Yang Yongxin, also known as Uncle Yang, became a controversial figure back in 2008. Before setting up the center, he worked as a psychiatrist treating mental disorders such as schizophrenia and depression for over 20 years. A China Central Television documentary was aired praising Yang’s contributions to solving Internet addiction problems. However, Yang’s treatments quickly received backlash for its cruelty and inhumane methods.
Treatment program, or concentration camp?
Yang’s concentration camp style treatments triggered harsh criticism. Chinese media ifeng.com compared the atrocity to the ‘domestication of animals’. It is a form of brainwashing to force patients to obey and it contradicts ethics and human rights. In Yang Yongxin’s rehabilitation program, students were required to fully adhere to Yang’s authority. Any form of disobedience would result in severe repercussions, such as more electric shocks.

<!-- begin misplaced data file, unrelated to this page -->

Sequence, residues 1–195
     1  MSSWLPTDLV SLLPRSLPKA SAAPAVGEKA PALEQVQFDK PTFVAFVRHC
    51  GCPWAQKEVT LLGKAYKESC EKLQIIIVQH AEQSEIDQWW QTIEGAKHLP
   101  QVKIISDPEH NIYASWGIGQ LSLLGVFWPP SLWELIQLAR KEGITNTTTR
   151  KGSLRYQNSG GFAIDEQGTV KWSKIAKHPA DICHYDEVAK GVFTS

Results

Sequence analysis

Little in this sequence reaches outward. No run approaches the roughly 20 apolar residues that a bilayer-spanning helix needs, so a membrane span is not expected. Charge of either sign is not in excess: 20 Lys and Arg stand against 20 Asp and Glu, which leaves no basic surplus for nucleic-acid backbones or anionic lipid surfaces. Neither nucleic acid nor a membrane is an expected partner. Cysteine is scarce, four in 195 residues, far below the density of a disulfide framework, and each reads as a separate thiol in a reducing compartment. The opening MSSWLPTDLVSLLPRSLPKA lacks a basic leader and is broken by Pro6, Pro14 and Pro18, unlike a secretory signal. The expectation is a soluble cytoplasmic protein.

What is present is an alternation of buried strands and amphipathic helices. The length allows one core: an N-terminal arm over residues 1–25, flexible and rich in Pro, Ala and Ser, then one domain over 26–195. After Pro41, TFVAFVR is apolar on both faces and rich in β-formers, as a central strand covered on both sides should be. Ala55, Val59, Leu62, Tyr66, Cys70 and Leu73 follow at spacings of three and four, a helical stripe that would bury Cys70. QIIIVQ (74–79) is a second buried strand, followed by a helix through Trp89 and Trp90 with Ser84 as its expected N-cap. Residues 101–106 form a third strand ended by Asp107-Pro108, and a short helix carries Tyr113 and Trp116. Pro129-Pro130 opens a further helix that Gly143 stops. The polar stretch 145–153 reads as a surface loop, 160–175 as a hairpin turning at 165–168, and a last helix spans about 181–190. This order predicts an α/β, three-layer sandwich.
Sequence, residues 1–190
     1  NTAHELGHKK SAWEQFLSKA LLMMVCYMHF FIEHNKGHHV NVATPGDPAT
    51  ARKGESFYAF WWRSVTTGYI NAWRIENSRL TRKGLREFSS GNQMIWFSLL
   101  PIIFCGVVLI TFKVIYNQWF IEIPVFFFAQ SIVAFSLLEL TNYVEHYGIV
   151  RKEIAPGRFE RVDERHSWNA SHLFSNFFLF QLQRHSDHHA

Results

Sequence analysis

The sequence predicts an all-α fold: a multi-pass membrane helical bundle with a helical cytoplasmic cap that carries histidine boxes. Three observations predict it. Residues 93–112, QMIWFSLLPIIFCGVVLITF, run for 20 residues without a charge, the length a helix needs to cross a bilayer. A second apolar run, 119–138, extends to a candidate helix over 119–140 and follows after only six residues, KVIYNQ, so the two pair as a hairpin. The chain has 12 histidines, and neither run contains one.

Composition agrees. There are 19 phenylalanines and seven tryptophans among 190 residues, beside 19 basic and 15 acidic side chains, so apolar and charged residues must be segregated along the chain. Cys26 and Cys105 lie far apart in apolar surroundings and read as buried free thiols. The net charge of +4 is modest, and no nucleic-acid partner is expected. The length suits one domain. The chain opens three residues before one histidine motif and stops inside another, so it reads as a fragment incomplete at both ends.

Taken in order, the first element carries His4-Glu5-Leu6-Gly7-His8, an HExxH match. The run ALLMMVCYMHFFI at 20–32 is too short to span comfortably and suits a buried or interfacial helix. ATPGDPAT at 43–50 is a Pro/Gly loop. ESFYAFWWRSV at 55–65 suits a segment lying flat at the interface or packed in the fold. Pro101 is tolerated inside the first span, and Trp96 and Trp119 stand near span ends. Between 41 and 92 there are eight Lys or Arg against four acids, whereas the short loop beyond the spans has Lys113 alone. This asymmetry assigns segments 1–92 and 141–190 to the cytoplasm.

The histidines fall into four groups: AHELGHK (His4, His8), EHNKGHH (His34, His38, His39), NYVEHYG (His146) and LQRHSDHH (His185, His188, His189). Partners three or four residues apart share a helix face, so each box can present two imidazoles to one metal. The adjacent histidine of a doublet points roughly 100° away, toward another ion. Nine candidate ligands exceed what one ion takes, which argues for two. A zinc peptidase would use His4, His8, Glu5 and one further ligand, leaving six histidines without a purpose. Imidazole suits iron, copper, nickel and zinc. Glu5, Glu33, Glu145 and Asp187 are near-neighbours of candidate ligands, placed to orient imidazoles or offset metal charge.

Numerous media reports have shown the dark side of Yang’s treatment methods. Former patients trapped in the program call the whole thing a ‘concentration camp’.’ The program adopts strict organization hierarchy, ranking from the director of the addiction elimination center all the way down to every parent and patient involved. In addition to locking up the students, parents were also required to stay on the premises to facilitate the treatment process.
Patients would have all their personal belongings confiscated upon entering the center, and would have to learn the basic rules of the facility as well as what is considered appropriate conduct. They had no connection to the outside world, not to mention the Internet. The only website that they could visit was the anti-Internet addiction forum created by Yang Yongxin himself.